Published: Friday, March 30, 2012, 10:52 AM Updated: Friday, March 30, 2012, 11:26 AM
As the late Barbara Tuchman, the eminent historian, explained in “The March of Folly,” certain types of belief have consistently led to national disasters. These include “not allowing oneself to be deflected by the facts,” self-imprisonment in the “we-have-no-alternative argument,” and “underestimation of the opponent.” Are these themes operative with respect to war with Iran, as they were in the run-up to the disastrous Iraq war?
Just prior to the Iraq war, most Americans were convinced by press and government accounts that Iraq had weapons of mass destruction that it was ready to use, even though U.N. inspectors were reporting negative findings. Today, most Americans believe Iran is building a nuclear weapon, even though American and Israeli intelligence report that Iran has not yet decided to do so.
Enrichment of uranium (at levels useful only for energy) and development of missiles (necessary for defense) are certainly elements of nuclear “capability,” but most experts believe Iran would need one to two years to make a single effective bomb if and when it decided to go ahead. For what it’s worth, Iran’s supreme religious leader has staked his reputation on a fatwa condemning nuclear weapons.
Bombing Iranian nuclear facilities because, at some time in the future, Iran may decide to build nuclear weapons, is a flagrant violation of international law.
A major difference from the Iraq war run-up is that so many military leaders have spoken out against war. Most former or present Israeli military and intelligence leaders oppose an attack, one or more pointing out that: Iran is not an “existential threat” to Israel; an attack would push Iran to actually develop a nuclear weapon; the attack would only delay such development by one to three years; and the repercussions could be disastrous.
Many American military leaders agree, adding that an Israeli attack could drag the United States into a bloody and protracted war with a country three times the size of Iraq that has already united once against a powerful aggressor (Iraq). And polls show that Americans have seen enough death, injury and psychological damage to our troops to be more careful about putting them in harm’s way once more.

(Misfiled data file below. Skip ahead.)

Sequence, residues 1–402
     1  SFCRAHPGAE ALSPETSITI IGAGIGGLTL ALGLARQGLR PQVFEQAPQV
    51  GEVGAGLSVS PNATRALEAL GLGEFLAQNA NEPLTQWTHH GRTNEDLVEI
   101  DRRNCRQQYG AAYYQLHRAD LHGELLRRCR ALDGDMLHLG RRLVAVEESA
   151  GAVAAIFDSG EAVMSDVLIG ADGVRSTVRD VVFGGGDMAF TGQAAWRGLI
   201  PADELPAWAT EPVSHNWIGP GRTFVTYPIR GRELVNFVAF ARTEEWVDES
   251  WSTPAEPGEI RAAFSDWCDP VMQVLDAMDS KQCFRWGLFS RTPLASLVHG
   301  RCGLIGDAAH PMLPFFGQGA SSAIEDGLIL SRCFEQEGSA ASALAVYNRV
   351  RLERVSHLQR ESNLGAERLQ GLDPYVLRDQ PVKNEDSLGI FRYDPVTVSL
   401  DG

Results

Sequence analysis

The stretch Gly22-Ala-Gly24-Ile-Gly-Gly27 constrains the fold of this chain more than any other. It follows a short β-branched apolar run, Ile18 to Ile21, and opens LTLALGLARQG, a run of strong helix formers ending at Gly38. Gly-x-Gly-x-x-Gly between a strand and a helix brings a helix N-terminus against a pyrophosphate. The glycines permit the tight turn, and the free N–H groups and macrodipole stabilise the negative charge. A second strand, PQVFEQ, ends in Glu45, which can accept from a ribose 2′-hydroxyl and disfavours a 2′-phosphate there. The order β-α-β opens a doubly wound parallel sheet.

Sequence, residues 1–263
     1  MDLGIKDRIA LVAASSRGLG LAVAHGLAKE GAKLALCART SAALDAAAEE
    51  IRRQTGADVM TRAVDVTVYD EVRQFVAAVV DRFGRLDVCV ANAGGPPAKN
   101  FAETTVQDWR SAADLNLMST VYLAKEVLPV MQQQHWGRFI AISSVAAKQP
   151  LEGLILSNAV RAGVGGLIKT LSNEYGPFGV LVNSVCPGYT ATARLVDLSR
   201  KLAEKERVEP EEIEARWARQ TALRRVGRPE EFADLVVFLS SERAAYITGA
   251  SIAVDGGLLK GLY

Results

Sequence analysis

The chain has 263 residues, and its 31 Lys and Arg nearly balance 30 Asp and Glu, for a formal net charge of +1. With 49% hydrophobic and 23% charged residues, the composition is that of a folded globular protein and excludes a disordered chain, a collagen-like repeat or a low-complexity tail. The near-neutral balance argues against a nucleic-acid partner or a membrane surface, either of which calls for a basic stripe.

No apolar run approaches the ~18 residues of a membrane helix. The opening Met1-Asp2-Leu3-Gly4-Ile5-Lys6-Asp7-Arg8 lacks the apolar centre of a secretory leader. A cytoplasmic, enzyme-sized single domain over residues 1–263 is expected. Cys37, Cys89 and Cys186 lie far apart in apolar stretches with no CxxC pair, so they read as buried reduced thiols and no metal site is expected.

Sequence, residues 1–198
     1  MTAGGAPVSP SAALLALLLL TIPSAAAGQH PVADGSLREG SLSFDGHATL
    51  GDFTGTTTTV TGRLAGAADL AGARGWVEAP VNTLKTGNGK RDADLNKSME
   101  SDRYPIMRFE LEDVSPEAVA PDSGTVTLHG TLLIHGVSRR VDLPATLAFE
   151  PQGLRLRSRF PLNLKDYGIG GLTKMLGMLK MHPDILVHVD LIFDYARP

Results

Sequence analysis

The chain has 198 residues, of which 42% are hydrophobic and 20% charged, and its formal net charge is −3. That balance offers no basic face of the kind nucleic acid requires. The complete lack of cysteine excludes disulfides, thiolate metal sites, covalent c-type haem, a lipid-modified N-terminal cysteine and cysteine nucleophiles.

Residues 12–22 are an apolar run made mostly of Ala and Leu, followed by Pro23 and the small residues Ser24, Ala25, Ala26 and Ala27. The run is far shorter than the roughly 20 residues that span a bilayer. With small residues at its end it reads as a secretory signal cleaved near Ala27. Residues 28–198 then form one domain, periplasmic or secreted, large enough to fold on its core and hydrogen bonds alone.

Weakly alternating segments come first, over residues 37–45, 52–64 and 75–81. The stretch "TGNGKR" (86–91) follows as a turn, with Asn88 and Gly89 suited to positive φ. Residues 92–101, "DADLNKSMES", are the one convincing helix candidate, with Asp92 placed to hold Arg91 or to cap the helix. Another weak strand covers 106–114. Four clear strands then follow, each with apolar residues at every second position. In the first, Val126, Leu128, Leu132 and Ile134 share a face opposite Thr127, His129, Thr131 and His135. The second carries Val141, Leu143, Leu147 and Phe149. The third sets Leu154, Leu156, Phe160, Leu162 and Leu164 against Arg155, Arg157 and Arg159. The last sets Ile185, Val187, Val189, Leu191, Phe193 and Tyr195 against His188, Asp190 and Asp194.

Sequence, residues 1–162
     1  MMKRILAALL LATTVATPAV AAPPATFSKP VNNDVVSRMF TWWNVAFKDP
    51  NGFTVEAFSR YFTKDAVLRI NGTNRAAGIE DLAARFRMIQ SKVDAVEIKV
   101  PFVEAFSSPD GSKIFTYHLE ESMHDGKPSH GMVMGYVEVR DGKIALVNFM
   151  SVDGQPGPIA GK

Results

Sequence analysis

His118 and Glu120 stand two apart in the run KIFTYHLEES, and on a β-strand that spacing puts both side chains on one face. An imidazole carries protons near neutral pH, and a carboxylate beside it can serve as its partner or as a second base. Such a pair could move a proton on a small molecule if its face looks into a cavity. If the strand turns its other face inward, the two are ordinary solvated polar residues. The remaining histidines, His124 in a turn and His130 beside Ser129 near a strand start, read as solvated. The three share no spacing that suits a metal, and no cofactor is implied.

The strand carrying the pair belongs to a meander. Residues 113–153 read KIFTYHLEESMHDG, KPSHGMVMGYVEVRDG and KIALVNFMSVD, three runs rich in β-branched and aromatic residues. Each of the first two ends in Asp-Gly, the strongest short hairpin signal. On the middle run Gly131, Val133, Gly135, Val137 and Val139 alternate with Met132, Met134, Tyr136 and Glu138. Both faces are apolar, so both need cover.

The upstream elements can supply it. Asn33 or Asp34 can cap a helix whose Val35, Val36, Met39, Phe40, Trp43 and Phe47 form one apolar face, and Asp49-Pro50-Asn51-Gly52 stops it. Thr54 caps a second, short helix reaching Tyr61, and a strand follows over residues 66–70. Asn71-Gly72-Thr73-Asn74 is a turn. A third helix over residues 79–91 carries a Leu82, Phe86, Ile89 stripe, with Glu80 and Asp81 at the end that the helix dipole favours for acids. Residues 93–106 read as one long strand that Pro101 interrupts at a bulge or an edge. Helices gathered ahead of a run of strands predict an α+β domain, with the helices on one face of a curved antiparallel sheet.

Again, unlike the Iraq war run-up, Americans already feel the pain of conflict with Iran in escalating gasoline prices. Neither domestic oil production nor conservation would greatly impact world oil prices. Three-fourths of our gasoline costs are directly related to global oil prices, which respond dramatically to uncertainty. Threats of an attack on Iran, and Iran’s counterthreat to close off Persian Gulf oil shipments, increase this uncertainty. If war breaks out, gasoline prices could easily double, with major damage to our economy.
It is unconscionable that otherwise progressive American politicians, who genuinely care about Americans who are struggling, so dutifully line up to vote against the interests of these Americans when it comes to laws and resolutions that could lead to a draining war with Iran.
Lastly comes the “no-alternative-to-war” argument, which claims that neither sanctions nor diplomacy will work. For sure, they won’t work if we continue to demand that Iran cannot enrich uranium even to the low levels necessary for nuclear power (about 17 times less than necessary for a bomb). Anyone who knows Iran’s sad historical experience with colonial powers will understand why Iran’s insistence on the right to enrich uranium has become a national rallying point. That domestic opinion enables Iran to withstand “crippling” sanctions, and to stall negotiations.
Demanding indefinite cessation of any enrichment, as in current Senate and House resolutions, is an absolute deal-breaker.
If we really want to prevent Iran from building a bomb, a “don’t trust, but verify” approach has a far greater chance of success than military action, which could backfire and do just the opposite. Unfortunately, Americans have seen little coverage of proposals by arms control experts that allow Iran to enrich uranium to low levels for nuclear power and under strict controls, in exchange for more intrusive inspections and transparency.
So why aren’t we pursuing this important diplomatic option instead of our March of Folly? If our best military minds tell us an attack on Iran will solve nothing and make things worse, why isn’t the majority of Congress paying attention? Is their fear of offending powerful interests greater than their commitment to America’s chances for peace and prosperity?
Norman Robbins is an emeritus professor at Case Western Reserve University and Iran consultant to Cleveland Peace Action.